When Fairfield City Council’s newest members assume office in January, they’ll have some major decisions to make with regards to the future of the city fire department.
Fairfield Fire Department faces several significant issues, including the inability to retain part-time firefighters, the inexperience of new hires, and the looming threat of the fire levy fund being in the red after 2023.
The city’s proposed 2022 budget is set for $9.4 million, a 20.4% increase over 2021′s budget, but that increase includes six new full-time firefighters and salary adjustments of three recently promoted firefighters to lieutenant. Collectively these nine personnel moves will add more than $1.28 million to the 2022 budget.
The city hoped to get a new Staffing for Adequate Fire and Emergency Response grant to help pay for some of its new firefighters, and though it was denied, it was an expected result. City Council in 2019 rejected a SAFER grant because it required the city to keep new hires on after the grant ended. At the time, City Council believed it couldn’t afford to accept the grant, and was advised rejecting it could negatively impact future grant requests.
Bennett said the city was not awarded grant funds during the recent SAFER grant round. If they were approved, Fairfield would have been able to hire up to nine new firefighters. Instead, the city hired six, who will be online next month.
“We paid a price for not taking advantage of that last time it was offered, a bad decision for not accepting,” said Councilman Mark Scharringhausen of the SAFER grant. But he asked Bennett if the city will “get credit” for applying in the recent funding cycle while not receiving it.
“Distance and time is in our favor,” Bennet said, adding they did explain the circumstances as to why they rejected the grant award. “We openly admitted (as to why) rather than them thinking we were hiding it.
The chief said he expects denials in at least the next two rounds of SAFER grant funding before they could win another award, but he said the city will apply for every grant “every time we have an opportunity.”
The SAFER grant would have helped slow a problem not unique to Fairfield. For years, the city has seen the trend of part-time firefighters leaving for full-time jobs escalate. The average experience level for a Fairfield firefighter in September 2015 was four years. In September 2020, it was less than a year.
Bennett said City Council will soon need to consider transitioning into a professional department, meaning they would not employ part-time personnel.
“The reality of maintaining combination department is not a valid choice any longer,” Bennett said. “Right now we have seven (part-time) vacancies, we have no applications.”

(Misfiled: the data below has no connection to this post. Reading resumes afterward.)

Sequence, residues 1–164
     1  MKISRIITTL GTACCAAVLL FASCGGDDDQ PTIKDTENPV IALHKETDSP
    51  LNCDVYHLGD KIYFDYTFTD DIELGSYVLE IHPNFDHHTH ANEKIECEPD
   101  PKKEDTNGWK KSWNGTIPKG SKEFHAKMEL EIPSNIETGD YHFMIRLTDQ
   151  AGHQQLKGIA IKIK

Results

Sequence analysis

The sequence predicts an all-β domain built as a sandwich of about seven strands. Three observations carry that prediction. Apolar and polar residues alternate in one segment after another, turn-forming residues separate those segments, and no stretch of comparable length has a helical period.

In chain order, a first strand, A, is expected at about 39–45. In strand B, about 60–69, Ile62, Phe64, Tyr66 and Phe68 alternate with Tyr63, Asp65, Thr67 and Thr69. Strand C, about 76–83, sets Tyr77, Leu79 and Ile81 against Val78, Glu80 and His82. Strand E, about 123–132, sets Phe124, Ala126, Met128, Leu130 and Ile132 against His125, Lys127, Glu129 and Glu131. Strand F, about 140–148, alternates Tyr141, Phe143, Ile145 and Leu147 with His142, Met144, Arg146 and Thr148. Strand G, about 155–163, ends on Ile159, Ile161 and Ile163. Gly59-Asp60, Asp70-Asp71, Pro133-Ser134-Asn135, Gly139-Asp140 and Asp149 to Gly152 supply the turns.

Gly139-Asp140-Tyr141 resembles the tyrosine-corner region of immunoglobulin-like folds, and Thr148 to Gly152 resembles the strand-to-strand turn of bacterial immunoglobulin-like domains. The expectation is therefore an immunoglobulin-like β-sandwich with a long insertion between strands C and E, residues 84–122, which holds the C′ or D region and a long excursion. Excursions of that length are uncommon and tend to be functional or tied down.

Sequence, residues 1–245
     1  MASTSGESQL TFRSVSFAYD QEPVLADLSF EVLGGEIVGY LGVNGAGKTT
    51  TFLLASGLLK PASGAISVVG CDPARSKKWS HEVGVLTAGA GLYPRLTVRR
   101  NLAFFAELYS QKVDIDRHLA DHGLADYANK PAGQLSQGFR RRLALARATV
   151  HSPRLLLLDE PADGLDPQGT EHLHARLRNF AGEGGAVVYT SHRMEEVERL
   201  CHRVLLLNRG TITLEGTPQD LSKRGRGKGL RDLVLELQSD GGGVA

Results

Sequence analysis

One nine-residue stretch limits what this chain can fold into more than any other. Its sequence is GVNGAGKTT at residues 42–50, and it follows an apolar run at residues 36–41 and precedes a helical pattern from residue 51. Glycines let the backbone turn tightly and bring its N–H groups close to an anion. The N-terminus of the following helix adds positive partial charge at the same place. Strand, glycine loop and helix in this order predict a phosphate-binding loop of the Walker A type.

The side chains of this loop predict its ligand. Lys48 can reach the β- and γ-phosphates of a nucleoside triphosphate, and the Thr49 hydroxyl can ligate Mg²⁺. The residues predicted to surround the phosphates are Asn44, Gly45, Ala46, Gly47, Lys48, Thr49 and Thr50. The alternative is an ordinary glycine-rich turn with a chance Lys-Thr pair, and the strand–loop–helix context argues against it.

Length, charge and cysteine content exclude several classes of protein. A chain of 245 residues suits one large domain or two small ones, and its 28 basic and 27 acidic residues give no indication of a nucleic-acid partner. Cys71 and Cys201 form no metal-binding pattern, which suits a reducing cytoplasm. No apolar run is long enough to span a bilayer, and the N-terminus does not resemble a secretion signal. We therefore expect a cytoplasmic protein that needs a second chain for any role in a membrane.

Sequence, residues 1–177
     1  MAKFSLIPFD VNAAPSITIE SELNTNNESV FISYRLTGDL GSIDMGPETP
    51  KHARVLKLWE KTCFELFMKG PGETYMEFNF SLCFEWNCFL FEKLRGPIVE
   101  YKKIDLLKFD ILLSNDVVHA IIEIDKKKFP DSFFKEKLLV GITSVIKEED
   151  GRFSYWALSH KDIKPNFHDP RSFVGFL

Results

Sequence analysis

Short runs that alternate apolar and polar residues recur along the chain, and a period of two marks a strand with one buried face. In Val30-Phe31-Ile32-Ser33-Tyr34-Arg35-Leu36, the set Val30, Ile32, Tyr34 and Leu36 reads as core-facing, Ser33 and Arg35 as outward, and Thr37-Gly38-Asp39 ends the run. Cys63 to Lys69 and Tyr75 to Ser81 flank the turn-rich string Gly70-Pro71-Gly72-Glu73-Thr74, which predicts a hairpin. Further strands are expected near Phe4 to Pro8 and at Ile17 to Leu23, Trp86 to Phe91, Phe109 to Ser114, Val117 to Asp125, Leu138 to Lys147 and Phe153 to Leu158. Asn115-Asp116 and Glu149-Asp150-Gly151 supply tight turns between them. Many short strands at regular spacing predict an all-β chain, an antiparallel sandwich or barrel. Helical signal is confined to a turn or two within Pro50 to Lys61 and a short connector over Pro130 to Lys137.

Firefighters are looking for full-time jobs, staying in part-time positions for extremely short periods of time before being hired away. Newer part-time personnel in Fairfield are mostly 18 to 20 years old with little experience, and once they gain that experience, which on average is about 16 months, they leave for a full-time job, according to the department.
In less than two weeks, the city lost seven part-time freighters to full-time jobs elsewhere, Bennett told City Council on Monday night.
More are expected to leave as the city of Cincinnati is expected to hire 50 this spring. The cities of Hamilton and Middletown, the largest cities in Butler County, are also hiring.
“Virtually everybody is hiring,” Bennett said. “I have part-time people that will come in with two or three job offers asking me for input, asking me which one they should take.”
Bennett said “it’s just the environment that we have,” and because firefighters are looking for full-time jobs, he said “the quality of the candidates (for part-time jobs), for no better term, is slim pickings.”
But before the city can address its staffing issues, it needs the money. That would require, based on discussions by City Council and senior staff, a fire levy. Fairfield will look at going back to the ballot as early as 2022, five years after the last request, which voters approved. A type of levy has not been discussed publically, though voters approved a new levy in 2016. Bennett said in 2016, it was the city’s “hope” the funds would last 10 years before going back to the ballot ― barring, among other issues, any financial problems.
Besides the need for new firefighters, Bennett said pricing has significantly increased, now nearly two years after the start of the COVID-19 pandemic.
“Virtually everything on EMS supplies has increased,” the chief said. “As soon as the watchdogs watching price-gouging went to sleep, they (prices) ramped up.”
Finance Director Jacob Burton said there are a number of factors that contributed to the dwindling levy funds, including the lack of grants, a decrease in annual interest revenues from the levy funds, and flat EMS billing revenues.
“You’d be looking at about $1.5 million general fund transfer ... if you did nothing else,” he said.
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